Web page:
2015 Terras de Baco VR Alentejano, Portugal
From indigenous Portuguese grapes Trincadeira, Aragonez, and Castelão, this powerhouse has rich flavors of raspberry, mocha powder, blackberry, a little herb stem, and is tannic and HEAVY duty. For FIVE BUCKS. (See, this balances out the $25 ones!) Definitely needs meat/cheese, or it might knock you over. Wowzers. ~$5

2006 Château Simard, St-Émilion, France
Um, seriously, a killer 13-year old Bordeaux for around twenty bucks?!? Whaaaat? Gorgeous nose of lavender florals and spice box dust, with lush fruit on palate, and tannins that are smoothing out but still quite supportive. There are values to be found in Bordeaux, but it takes a lot to search them out; here is the needle in the haystack for sure! ~$21

2018 Alpha Crucis “Titan” Cabernet Sauvignon McLaren Vale, Australia
Yes, Australia and Shiraz are like Bert and Ernie or Mac and Cheese; they just go together. But when you branch out a bit, you can also find genius. This Oz Cab tastes like it cost two or three times as much, and delivers dark fruits, cedar, graphite, and violets. Dense and huge, but elegant. Not overly tannic but solid support; this is exactly why I stretched the budget this year! ~$25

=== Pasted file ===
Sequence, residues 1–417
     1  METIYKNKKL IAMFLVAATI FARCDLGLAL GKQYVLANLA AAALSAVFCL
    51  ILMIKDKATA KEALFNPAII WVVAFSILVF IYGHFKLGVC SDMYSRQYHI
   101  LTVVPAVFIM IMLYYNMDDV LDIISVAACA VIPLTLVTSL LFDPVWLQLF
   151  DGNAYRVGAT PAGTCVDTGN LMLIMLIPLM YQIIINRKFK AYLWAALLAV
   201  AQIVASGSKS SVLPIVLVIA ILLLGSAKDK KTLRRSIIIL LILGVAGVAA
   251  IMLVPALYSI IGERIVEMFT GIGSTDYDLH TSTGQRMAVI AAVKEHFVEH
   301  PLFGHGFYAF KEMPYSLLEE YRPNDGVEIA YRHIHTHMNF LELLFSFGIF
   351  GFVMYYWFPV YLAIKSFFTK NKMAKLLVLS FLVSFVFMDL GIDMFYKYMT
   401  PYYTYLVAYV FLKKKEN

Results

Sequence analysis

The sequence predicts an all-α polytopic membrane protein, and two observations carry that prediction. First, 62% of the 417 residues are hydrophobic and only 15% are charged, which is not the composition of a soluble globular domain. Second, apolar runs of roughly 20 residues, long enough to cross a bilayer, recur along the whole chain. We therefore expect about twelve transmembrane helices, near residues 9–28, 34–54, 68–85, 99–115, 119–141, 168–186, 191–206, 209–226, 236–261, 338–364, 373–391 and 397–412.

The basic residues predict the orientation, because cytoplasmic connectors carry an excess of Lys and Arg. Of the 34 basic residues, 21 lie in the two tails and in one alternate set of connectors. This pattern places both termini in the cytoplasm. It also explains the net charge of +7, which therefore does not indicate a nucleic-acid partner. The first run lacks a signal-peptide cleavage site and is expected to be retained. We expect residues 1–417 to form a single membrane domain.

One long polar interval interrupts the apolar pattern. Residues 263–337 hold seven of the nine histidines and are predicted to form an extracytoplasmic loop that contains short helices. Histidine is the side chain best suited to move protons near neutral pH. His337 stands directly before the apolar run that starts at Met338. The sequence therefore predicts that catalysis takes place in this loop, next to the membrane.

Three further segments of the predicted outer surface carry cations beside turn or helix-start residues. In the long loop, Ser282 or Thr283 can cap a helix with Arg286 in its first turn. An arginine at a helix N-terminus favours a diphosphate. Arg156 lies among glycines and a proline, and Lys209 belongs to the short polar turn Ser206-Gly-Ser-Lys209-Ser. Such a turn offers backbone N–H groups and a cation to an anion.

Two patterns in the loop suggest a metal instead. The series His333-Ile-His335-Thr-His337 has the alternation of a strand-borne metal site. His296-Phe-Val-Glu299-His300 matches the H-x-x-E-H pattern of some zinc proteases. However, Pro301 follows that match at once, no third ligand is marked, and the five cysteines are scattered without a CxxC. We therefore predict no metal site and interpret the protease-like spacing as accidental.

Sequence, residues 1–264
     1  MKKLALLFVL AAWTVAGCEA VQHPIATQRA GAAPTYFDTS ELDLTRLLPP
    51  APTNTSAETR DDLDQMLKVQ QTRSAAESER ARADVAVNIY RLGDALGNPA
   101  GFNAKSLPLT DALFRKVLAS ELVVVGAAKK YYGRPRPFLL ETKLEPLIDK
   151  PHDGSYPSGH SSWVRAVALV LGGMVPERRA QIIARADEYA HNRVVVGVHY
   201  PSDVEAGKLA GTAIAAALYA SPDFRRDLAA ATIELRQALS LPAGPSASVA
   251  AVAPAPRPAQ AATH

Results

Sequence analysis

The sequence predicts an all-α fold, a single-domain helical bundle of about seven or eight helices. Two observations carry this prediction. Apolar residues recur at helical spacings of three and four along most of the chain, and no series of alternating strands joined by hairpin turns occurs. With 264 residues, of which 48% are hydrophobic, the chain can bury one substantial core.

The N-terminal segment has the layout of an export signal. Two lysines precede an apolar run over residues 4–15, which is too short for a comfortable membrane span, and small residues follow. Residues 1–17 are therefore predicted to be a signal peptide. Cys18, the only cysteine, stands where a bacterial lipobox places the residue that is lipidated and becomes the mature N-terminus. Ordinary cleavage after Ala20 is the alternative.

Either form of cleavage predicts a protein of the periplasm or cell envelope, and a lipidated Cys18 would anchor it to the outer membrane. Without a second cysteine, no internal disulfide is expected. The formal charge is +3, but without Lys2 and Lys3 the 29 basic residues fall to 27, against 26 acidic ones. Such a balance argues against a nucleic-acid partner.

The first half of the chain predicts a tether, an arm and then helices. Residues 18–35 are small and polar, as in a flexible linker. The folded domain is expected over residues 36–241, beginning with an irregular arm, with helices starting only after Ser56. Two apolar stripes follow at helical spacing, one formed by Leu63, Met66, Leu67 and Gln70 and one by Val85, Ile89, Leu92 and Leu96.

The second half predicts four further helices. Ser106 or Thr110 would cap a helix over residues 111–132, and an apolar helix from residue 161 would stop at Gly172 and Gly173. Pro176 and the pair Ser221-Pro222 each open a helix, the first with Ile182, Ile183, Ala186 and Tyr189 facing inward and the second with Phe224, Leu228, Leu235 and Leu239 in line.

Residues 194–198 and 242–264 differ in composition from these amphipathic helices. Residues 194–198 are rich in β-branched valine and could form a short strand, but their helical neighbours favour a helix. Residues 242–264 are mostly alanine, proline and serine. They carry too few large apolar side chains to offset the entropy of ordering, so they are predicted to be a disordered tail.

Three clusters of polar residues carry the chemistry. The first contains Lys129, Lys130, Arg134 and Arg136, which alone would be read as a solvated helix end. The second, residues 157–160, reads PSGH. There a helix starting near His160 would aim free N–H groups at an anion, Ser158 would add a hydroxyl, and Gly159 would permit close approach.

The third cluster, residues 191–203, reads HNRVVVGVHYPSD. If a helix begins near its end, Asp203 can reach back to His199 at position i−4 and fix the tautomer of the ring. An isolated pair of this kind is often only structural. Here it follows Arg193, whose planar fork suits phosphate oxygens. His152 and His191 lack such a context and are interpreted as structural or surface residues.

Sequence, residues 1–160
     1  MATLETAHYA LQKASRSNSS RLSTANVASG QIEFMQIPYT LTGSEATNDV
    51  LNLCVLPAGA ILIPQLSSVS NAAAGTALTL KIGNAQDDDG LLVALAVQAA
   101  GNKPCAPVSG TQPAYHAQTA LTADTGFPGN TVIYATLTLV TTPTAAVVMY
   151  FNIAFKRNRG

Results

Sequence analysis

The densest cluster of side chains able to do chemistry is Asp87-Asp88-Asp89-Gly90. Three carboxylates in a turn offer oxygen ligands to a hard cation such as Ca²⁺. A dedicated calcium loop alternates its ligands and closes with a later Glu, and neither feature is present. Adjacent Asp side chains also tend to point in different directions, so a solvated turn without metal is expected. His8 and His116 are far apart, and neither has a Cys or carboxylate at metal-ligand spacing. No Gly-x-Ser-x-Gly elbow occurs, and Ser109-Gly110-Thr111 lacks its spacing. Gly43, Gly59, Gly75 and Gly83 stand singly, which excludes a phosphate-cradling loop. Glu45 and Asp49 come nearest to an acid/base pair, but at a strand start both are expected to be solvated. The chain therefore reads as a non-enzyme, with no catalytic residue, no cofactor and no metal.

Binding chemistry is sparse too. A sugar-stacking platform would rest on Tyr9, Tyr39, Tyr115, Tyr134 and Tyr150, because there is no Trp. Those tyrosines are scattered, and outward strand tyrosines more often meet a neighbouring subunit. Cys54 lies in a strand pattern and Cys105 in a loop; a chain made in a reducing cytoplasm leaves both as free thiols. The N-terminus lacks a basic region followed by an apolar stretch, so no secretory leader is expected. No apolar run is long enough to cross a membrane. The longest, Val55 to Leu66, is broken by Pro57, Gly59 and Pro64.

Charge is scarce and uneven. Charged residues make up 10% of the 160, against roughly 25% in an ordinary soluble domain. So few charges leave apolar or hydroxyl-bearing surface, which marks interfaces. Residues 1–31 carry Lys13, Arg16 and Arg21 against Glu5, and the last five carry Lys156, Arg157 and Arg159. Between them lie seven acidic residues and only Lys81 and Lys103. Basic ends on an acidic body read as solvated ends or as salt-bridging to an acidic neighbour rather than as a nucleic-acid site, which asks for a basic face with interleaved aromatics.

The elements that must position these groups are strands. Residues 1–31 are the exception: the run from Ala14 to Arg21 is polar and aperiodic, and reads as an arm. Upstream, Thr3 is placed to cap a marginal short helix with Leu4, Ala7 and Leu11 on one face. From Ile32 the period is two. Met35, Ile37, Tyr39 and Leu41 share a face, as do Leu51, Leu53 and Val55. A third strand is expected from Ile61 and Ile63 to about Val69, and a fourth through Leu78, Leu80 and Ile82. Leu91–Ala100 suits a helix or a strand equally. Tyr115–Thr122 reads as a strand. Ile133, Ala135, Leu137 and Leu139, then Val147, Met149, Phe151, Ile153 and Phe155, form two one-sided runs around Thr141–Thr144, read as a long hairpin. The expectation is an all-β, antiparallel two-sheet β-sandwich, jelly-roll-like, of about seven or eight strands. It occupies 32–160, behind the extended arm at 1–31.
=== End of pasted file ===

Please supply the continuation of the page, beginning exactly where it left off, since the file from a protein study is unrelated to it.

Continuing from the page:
2017 Raul Perez Bierzo Mencia Ultreia Saint Jacques, Spain
Mencia is a great grape for wine lovers – it typically exhibits blue-black fruits, violets, and maybe a mocha chalkiness, but has lovely fresh acid which keeps it from getting too heavy. This is a field blend with Bastardo and Garnacha Tintorera, plus some white grapes to boot, which keeps the focus on crunchy blueberry/cranberry fruit and heady florals, supported by bright acid and subtle, linear tannins.  ~$20

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There you go, friends! Did I whet your whistles? What did I miss? Post below and tell me about some incredible-valued wines YOU sipped on during 2019.

There might have been a lot of unfamiliar grapes, places, and styles above, but I exhort you (as I always do!) to add "Branch Out My Wine Exploration" to your New Year's Resolutions for 2020. One of my FAVORITE things about wine is that there's always something new to discover! I wish you and yours a happy, healthy holiday season, and warm wishes for 2020.